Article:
Although it seems like a lot of extra work, I encourage taking the time to place art in progress into product templates or shapes. This exercise not only gives the the potential client a clear vision of how your art will enhance their product line, but will also help you develop your collections so proportions, color palettes and various elements work on a variety of products.
And don't take rejection personally. These are business decisions being made by business people. It isn't commentary on your artistic soul.
Any other special interests or skills?
I am also a skilled writer with 5 published books and hundreds of magazine articles. Writing comes very naturally to me…especially for information articles or step-by-step instructions. Little know fact about me: I spoke in complete sentences before I was a year old. This unusual ability was further reinforced by conversing daily with another child the same age who was also gifted with early speech.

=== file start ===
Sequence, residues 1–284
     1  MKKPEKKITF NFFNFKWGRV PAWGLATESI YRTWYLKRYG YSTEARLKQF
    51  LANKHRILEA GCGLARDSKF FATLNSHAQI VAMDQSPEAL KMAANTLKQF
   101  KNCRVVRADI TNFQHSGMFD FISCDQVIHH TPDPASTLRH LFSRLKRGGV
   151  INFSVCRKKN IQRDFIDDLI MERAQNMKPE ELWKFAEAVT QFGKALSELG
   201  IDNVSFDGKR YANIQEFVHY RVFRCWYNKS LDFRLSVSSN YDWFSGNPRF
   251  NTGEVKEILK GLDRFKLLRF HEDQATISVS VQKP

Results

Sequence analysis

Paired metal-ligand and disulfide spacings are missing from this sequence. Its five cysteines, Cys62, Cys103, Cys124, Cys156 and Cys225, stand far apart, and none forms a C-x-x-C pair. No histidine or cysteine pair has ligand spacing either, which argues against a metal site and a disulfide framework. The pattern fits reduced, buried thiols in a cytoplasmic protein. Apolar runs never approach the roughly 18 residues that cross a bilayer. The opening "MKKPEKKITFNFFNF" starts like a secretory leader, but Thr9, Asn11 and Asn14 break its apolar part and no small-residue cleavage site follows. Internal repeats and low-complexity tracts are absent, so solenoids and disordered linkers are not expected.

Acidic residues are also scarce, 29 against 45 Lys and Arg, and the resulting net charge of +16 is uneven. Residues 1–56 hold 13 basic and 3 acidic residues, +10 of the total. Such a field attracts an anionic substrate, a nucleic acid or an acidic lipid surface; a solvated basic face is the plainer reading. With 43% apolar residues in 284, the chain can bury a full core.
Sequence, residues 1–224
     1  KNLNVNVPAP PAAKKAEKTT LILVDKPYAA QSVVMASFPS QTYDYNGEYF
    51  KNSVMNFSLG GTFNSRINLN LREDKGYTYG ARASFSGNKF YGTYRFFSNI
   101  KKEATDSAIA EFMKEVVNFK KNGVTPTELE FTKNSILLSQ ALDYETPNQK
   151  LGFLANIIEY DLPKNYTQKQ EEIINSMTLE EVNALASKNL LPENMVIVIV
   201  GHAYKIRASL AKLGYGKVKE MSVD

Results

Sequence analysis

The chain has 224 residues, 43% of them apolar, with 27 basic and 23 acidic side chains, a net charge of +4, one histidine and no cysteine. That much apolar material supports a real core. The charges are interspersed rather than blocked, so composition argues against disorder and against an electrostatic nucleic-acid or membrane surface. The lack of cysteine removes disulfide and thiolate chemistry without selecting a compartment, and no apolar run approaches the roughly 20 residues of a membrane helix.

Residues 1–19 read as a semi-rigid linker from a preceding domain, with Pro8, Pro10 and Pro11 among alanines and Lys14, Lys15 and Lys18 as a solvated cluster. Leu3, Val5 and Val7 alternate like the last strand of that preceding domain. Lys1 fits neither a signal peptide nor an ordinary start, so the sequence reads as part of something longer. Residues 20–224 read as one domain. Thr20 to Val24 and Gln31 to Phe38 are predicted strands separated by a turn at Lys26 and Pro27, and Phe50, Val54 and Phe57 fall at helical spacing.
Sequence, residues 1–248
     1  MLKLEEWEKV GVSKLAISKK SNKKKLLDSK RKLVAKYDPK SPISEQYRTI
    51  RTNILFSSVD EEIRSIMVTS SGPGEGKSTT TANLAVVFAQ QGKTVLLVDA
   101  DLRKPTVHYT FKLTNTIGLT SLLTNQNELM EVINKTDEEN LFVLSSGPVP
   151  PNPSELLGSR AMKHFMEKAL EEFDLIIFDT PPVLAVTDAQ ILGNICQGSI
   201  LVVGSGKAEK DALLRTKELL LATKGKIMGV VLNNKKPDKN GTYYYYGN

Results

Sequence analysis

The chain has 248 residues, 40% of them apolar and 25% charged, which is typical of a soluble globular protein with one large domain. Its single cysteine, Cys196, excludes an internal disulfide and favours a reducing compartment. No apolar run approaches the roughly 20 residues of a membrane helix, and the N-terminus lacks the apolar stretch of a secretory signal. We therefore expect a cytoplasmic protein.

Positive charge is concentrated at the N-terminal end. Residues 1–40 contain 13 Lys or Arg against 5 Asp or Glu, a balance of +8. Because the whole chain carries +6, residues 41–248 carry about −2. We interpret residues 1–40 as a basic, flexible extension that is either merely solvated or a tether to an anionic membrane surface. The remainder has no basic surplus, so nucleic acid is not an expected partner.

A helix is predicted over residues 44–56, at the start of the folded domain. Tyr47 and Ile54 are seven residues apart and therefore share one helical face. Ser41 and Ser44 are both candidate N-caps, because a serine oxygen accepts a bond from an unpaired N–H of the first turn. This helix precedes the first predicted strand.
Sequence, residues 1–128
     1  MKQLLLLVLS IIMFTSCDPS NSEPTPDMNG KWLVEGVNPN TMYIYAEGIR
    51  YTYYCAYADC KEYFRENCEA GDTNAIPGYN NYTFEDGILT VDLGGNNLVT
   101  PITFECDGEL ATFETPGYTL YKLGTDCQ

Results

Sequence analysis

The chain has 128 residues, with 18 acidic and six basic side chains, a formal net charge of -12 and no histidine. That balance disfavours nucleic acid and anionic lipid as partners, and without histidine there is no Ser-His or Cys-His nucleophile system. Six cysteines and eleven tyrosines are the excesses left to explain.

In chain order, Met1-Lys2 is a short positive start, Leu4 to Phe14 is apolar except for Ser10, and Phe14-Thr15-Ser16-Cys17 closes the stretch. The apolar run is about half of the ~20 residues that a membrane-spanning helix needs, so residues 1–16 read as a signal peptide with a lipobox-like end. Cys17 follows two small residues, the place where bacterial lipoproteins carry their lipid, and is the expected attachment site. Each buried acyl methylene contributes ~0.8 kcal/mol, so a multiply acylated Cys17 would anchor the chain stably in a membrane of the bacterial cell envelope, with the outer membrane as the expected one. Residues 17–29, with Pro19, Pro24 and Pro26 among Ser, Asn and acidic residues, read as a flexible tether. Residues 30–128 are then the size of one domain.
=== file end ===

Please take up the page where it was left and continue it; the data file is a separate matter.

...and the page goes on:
Anything else you would like to share with us?
Working as a solo creative can be very isolating and at times, overwhelming. I'm very grateful to be part of a creative community. Between the craft/hobby industry and the art licensing communities, I never feel alone. There is always some one to answer a question, bounce ideas off of, etc. There is always someone who understands what this creative life is all about.
Are you an early riser? or night owl?